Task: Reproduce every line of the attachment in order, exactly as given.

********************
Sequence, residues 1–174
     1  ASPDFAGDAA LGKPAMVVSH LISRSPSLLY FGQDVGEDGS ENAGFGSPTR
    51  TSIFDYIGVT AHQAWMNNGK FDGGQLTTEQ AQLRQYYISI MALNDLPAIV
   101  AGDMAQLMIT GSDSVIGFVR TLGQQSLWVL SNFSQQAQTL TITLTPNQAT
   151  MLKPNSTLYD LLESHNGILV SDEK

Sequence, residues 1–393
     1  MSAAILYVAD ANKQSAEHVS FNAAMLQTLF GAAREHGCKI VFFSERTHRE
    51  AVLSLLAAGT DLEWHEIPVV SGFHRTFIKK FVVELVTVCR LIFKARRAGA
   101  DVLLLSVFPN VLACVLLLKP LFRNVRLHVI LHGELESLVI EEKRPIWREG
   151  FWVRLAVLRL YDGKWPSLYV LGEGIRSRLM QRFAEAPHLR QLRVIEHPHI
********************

Sequence, residues 1–174
     1  ASPDFAGDAA LGKPAMVVSH LISRSPSLLY FGQDVGEDGS ENAGFGSPTR
    51  TSIFDYIGVT AHQAWMNNGK FDGGQLTTEQ AQLRQYYISI MALNDLPAIV
   101  AGDMAQLMIT GSDSVIGFVR TLGQQSLWVL SNFSQQAQTL TITLTPNQAT
   151  MLKPNSTLYD LLESHNGILV SDEK

Sequence, residues 1–393
     1  MSAAILYVAD ANKQSAEHVS FNAAMLQTLF GAAREHGCKI VFFSERTHRE
    51  AVLSLLAAGT DLEWHEIPVV SGFHRTFIKK FVVELVTVCR LIFKARRAGA
   101  DVLLLSVFPN VLACVLLLKP LFRNVRLHVI LHGELESLVI EEKRPIWREG
   151  FWVRLAVLRL YDGKWPSLYV LGEGIRSRLM QRFAEAPHLR QLRVIEHPHI